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A wild ride for global markets

Beyond stock market corrections, how will China's economic slowdown impact demand for cruises? Costa Atlantica is pictured at the start of its world voyage from Shanghai, where the main index fell 8.5% on 'Black Monday'
Reuters called it 'mad market Monday,' the New York Times referred to global stock prices 'bouncing around wildly' and Bloomberg talked about a market meltdown in China while Chinese media widely dubbed it Black Monday.

Cruise shares fell sharply then bounced back and eventually settled lower—Carnival down nearly 4% and Royal Caribbean and Norwegian Cruise Line Holdings both off 2%—in a ride that mirrored the general market.

The Dow Jones Industrial Average plunged more than 1,000 points just after the opening bell in its most dramatic intraday trading ever, according to Reuters. Then the Dow recovered most of those losses before dropping again nearly 600 points to close at 15,871.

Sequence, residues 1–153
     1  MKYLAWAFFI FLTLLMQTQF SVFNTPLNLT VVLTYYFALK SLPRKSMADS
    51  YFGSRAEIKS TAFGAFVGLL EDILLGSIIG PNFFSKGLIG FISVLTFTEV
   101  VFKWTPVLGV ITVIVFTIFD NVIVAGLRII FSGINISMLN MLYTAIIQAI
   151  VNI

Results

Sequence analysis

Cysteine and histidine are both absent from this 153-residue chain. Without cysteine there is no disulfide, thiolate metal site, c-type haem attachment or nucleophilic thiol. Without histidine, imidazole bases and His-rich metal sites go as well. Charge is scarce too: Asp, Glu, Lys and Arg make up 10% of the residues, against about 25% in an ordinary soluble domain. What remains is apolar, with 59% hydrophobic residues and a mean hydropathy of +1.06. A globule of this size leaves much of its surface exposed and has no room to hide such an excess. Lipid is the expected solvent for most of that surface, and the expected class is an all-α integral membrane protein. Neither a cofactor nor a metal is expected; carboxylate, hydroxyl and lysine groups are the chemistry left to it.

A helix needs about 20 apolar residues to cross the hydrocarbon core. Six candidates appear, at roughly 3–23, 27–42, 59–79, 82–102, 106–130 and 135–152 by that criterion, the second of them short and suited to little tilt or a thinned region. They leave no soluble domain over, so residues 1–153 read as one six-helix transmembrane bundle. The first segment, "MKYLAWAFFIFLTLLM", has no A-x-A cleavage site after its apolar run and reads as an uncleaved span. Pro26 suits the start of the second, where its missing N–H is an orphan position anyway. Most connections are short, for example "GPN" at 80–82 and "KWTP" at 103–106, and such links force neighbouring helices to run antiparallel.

With the index off more than 10% from its high in May, the Dow is officially in a correction, along with the S&P 500.

The sell-off again was triggered by China where the main Shanghai index fell 8.5%, wiping out its gains for the year. 

Like many other stocks, cruise shares traded in exceptionally high volumes.

At the close, CCL was down $1.90 to $46.48, RCL lost $1.72 to $83.99 and NCLH settled at $54.93, $1.17 lower.

For cruise operators, the bigger picture is what China's economic slowdown means for consumer demand in an emerging market that has been growing by leaps and bounds.